Kim Magnus to represent Korea at PyeongChang
His addition to the team bodes well for Team Korea as it prepares to host the 2018 Winter Games in Pyeongchang, Gangwon.
“It snowed a lot. Seeing the road covered in snow excited me,” Kim said about his old town in Norway.
Having grown up in Geilo, a city in central Norway, it wasn’t unusual for Kim to see snow piling up as high as 60 centimeters (2 feet) each winter. Still, although it snows less, winter in bigger cities such as Seoul has left Kim in awe.
His name, Magnus, comes from a Latin word meaning “the best.” After choosing to represent Korea in April 2015, he won two categories at the 2016 Youth Winter Olympics and was a silver medalist at the 2016 Junior World Championship. With his accomplishments, he became Korea’s cross-country ski hopeful.
At the Olympics, there are 12 categories, including sprints and 1.4-1.6 kilometers for men and 1.2-1.3 kilometers for women.
After winning the Seoul Cup sprint event at Ttukseom Island, Hangang Park, in Seoul last month by beating Nikolay Morilov (Russia), bronze medalist at the 2010 Vancouver Winter Olympics, he will be competing at the International Ski Federation (FIS) Cross-Country World Cup next month held in Pyeongchang.
As he turns 19 this year, he will legally be considered an adult and will be graduating from Norway NTG-Geilo High school in June.
“There’s a population of 3,500 people in the town where I go to school,” Kim said. “Only two to three movies are played once a week. All I do is eat and watch TV.” He tries to cook whenever he has time.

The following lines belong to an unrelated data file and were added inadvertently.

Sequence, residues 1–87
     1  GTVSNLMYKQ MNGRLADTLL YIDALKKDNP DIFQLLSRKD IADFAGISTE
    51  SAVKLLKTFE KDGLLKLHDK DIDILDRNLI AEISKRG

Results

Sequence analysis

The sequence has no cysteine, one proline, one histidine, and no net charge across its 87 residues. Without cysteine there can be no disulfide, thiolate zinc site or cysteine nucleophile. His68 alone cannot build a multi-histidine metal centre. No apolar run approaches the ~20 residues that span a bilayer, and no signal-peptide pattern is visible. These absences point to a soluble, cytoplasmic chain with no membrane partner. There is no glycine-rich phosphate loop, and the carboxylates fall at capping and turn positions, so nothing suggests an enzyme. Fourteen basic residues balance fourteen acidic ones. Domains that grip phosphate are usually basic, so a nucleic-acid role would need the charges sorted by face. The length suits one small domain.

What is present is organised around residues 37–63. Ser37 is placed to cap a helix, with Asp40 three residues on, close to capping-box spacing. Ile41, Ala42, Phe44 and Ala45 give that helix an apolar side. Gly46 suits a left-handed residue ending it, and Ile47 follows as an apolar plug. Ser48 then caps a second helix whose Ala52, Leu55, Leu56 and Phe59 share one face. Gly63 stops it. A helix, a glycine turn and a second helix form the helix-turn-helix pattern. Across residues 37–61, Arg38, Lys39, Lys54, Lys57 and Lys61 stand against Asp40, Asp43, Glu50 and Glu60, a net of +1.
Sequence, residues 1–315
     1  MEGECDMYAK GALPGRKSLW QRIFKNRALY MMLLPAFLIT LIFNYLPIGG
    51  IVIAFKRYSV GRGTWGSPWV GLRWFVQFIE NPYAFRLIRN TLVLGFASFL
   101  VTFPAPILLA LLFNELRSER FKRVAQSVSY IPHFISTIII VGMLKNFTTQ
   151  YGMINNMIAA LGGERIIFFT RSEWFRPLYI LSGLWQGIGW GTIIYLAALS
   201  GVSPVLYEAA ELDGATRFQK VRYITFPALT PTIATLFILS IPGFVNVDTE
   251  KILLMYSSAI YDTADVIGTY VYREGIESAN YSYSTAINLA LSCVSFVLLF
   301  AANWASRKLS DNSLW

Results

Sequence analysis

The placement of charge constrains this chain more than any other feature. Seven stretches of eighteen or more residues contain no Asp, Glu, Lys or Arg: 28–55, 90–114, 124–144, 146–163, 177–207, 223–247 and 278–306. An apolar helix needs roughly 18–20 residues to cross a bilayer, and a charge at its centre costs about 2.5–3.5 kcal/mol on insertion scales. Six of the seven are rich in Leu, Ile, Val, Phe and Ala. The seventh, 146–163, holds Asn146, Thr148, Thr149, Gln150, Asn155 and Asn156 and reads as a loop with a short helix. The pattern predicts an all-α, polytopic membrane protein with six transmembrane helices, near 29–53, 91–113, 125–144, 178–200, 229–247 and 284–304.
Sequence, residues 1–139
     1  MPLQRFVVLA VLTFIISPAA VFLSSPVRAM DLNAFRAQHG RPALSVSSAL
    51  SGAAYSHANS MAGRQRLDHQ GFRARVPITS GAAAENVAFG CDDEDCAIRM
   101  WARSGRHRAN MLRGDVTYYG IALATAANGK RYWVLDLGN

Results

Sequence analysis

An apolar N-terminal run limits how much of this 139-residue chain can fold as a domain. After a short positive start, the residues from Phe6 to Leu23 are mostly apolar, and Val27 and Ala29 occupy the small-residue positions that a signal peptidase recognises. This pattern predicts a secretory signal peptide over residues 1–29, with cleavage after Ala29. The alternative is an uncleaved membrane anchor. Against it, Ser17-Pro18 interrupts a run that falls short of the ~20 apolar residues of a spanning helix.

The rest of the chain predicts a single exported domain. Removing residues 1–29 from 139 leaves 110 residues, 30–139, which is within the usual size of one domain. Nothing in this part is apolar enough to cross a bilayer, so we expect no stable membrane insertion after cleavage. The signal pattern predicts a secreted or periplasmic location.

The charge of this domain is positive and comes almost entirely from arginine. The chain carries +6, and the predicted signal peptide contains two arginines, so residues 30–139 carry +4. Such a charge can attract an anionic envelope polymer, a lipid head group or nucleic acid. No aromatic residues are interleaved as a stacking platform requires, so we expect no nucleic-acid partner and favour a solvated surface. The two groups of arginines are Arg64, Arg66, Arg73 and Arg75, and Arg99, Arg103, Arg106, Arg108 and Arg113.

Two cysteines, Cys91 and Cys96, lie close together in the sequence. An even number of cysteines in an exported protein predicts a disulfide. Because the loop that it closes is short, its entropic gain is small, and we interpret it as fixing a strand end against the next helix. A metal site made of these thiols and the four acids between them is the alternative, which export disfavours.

Kim’s hobby has been playing sports ever since elementary school. He did football, yachting, ice hockey, short track skating, triathlons and more. When he was in fifth grade, he biked from Busan to Seoul.
“I liked playing sports because if I put effort into it, then I got the reward and sense of accomplishment in return,” Kim said.
As an all-around athlete, his life changed when Pyeongchang was picked as the venue for the 2018 Winter Olympics in July, 2011. After all, skiing came to him naturally when he moved to Norway just a year ago. He then decided to become a cross-country skier with his eyes set on competing at the Olympics in his home country. After dominating the Norwegian events in every age division, he chose to represent his mother nation.
“I wanted to help with the Korean ski program,” Kim said. “My friends and my coaches in Norway supported my decision.”
Kim is also known for his unique hairstyle. He used to have short hair, but starting last season, Kim started to tie his hair up. Last year at the Youth Olympics, the IOC showed interest in his hairstyle by mentioning his ponytail.
“If I didn’t have this hairstyle, I probably would have gotten silver or a bronze medal instead of gold,” Kim said. “My hairstyle doesn’t help with the air, but it helps my mental game.”
This year, he kept his hairstyle the same as last year. “I enjoy watching football and I imitated Zlatan Ibrahimovic’s hairstyle because his unique hairstyle grabbed my attention,” Kim said. “Interestingly, after I changed my hairstyle, I had good results in tournaments.
“Now players from different countries are imitating my hairstyle and calling it ‘Magnus style.’ I think my hairstyle helped a lot with making myself known to the public.”
After winning the Seoul Cup event, he waved a Korean flag in the air. “The Korean flag reminds me of my mother,” Kim said. Next month, he will be competing at the Sapporo Winter Asian Games aiming for Korea’s first men’s cross-country gold medal. Kim’s main category is the short-distance sprint.
Turning 20 years old next year, Kim hopes to finish in the top 20 at the PyeongChang Winter Olympics, a stage that he considers more a festivity than a competition.
BY KIM JI-HAN [firstname.lastname@example.org]